Next year Moncrieff helped (Sir) Peter Scratchley to design and construct fortifications at Largs Bay and Glanville; upon their completion he became resident engineer for the Great Northern Railway at Quorn. In 1888 Moncrieff returned to Adelaide as engineer-in-chief, succeeding H. C. Mais. The position had been stripped of much of its former authority in railway management, but the Department of Harbours and Jetties and the Hydraulic Department (waterworks and sewers) were brought under his control. He now held 'one of the most senior positions in the Civil Service', although the radical press suggested that he was 'drawing a nice fat salary with minimal responsibilities'.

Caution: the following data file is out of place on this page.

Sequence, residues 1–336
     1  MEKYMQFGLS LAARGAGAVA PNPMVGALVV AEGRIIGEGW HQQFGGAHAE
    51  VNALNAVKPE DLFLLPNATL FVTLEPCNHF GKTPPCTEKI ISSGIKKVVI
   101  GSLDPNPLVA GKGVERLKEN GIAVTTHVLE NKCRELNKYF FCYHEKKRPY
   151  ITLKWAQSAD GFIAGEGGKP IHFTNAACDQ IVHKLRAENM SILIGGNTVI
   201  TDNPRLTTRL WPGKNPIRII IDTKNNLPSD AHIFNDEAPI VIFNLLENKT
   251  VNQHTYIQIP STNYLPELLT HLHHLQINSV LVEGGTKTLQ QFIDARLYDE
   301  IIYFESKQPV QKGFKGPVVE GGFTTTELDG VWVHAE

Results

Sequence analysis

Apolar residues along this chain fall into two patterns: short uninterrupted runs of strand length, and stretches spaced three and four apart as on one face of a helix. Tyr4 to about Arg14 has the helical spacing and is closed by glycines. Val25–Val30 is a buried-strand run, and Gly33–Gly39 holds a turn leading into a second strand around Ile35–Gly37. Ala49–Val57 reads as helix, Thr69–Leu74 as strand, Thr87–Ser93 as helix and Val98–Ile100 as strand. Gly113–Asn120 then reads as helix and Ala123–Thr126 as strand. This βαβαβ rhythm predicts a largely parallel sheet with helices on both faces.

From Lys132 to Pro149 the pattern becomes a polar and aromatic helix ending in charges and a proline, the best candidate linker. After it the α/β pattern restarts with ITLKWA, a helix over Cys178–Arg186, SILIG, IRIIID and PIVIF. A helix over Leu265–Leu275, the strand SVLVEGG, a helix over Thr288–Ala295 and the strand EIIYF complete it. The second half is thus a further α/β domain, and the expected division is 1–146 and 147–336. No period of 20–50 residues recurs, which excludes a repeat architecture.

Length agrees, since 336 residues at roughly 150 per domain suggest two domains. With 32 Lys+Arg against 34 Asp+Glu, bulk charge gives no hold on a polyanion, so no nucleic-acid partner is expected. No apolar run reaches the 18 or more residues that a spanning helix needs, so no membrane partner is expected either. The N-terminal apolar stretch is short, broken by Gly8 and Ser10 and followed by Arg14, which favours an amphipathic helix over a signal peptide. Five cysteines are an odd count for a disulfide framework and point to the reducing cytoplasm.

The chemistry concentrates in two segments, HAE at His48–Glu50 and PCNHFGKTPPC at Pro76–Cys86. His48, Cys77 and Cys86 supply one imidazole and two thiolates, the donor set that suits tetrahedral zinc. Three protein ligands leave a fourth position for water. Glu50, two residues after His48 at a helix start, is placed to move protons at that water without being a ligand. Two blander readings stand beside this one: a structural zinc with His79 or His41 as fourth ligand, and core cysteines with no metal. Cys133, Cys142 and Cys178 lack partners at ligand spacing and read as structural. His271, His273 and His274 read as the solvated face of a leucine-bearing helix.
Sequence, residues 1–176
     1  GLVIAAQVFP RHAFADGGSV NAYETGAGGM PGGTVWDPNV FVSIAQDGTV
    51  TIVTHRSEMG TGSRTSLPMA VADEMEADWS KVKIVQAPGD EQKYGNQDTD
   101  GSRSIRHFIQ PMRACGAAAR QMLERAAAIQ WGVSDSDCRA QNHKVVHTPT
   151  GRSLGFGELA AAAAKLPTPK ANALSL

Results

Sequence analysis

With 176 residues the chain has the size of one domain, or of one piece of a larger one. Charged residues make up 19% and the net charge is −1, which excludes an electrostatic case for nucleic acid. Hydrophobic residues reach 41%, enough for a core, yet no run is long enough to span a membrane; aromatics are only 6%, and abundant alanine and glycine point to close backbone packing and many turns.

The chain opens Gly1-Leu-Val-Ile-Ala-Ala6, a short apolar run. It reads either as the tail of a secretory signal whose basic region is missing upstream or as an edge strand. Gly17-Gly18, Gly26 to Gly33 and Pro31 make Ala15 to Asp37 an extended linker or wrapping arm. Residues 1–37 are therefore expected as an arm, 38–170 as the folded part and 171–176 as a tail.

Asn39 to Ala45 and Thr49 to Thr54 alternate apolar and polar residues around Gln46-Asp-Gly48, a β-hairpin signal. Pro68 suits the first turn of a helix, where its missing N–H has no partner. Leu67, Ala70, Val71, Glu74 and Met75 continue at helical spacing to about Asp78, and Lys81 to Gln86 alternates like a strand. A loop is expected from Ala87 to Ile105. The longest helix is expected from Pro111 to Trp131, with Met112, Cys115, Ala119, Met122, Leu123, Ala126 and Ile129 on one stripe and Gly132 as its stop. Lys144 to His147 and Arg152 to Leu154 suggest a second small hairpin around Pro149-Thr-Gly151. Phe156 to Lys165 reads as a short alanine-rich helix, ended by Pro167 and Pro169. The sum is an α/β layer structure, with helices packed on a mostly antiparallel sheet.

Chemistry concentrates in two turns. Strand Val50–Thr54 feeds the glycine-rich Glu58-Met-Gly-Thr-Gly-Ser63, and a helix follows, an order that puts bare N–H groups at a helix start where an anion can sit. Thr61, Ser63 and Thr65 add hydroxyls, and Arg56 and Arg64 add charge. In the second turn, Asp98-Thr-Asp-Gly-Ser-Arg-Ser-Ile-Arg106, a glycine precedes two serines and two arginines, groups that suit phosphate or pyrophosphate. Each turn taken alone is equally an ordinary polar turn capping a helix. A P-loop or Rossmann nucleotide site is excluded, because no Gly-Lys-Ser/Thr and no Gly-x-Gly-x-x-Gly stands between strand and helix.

This was unfair. Moncrieff was largely responsible for the design of several lighthouses, ably supervised difficult and controversial work on Adelaide's Outer Harbour, and designed and implemented far-sighted drainage schemes in the South-East (1911). His Barossa dam was hailed by an American engineering journal as fit 'to rank with the most famous dams in the world' for 'the boldness of its design'. He also accumulated other responsibilities: chairmanship of the Supply and Tender Board (1895-99); presidency of the Institution of Surveyors in 1901; chairmanship of the Municipal Tramways Trust in 1907-22; and, from 1909, railways commissioner. He was appointed C.M.G. that year. He had been elected to the British Institution of Civil Engineers, London, in 1888 and the American Society of Civil Engineers in 1894.